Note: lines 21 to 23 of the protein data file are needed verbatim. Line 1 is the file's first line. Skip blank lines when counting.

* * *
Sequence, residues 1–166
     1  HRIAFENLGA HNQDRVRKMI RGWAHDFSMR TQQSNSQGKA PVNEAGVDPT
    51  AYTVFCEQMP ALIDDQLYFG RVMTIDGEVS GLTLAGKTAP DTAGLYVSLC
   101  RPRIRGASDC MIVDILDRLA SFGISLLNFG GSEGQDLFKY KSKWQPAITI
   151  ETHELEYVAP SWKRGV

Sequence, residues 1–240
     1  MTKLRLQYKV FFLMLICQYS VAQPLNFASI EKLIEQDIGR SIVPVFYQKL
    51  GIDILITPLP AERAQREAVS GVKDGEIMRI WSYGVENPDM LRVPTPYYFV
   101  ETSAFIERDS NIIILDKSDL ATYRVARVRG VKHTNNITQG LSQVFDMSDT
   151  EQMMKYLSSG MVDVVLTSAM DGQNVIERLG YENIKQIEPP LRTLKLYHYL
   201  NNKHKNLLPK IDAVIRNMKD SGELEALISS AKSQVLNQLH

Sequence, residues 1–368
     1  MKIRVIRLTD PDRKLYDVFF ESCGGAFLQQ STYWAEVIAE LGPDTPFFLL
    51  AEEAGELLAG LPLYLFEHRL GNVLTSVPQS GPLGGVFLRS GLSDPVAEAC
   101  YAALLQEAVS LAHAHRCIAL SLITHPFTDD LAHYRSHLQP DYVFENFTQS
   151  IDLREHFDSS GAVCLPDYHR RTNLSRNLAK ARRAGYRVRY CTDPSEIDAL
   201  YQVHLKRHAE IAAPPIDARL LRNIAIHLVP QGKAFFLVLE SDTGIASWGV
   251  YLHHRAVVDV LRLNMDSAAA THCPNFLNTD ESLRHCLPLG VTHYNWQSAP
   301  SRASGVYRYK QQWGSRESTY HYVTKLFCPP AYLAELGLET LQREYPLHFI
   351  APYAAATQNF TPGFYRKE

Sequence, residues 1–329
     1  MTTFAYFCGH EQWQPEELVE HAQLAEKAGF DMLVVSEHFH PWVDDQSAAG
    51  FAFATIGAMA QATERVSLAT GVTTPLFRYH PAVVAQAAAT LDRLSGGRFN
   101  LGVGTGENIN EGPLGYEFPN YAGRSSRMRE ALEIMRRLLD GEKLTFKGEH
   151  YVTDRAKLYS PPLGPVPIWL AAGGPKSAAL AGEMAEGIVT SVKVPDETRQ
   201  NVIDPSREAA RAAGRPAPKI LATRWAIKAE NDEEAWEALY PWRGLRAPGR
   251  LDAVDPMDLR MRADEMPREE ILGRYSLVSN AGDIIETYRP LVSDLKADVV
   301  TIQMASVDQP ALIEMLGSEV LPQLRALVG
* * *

Sequence, residues 1–329
     1  MTTFAYFCGH EQWQPEELVE HAQLAEKAGF DMLVVSEHFH PWVDDQSAAG
    51  FAFATIGAMA QATERVSLAT GVTTPLFRYH PAVVAQAAAT LDRLSGGRFN